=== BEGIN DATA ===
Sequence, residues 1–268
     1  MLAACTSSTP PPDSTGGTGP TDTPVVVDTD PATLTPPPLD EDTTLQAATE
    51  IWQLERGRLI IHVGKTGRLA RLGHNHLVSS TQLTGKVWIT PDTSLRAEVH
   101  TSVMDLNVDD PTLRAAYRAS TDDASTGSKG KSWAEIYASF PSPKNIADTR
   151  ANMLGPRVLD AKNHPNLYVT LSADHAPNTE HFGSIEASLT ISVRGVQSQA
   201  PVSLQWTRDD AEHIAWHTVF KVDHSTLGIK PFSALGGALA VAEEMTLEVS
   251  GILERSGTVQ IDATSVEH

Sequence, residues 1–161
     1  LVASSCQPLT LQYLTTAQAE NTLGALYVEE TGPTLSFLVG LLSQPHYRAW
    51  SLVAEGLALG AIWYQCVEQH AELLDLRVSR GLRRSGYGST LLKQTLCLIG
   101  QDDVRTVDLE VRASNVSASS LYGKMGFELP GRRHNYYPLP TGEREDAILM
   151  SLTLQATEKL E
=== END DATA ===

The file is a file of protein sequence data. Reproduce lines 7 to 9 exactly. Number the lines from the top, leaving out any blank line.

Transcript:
   251  GILERSGTVQ IDATSVEH

Sequence, residues 1–161
     1  LVASSCQPLT LQYLTTAQAE NTLGALYVEE TGPTLSFLVG LLSQPHYRAW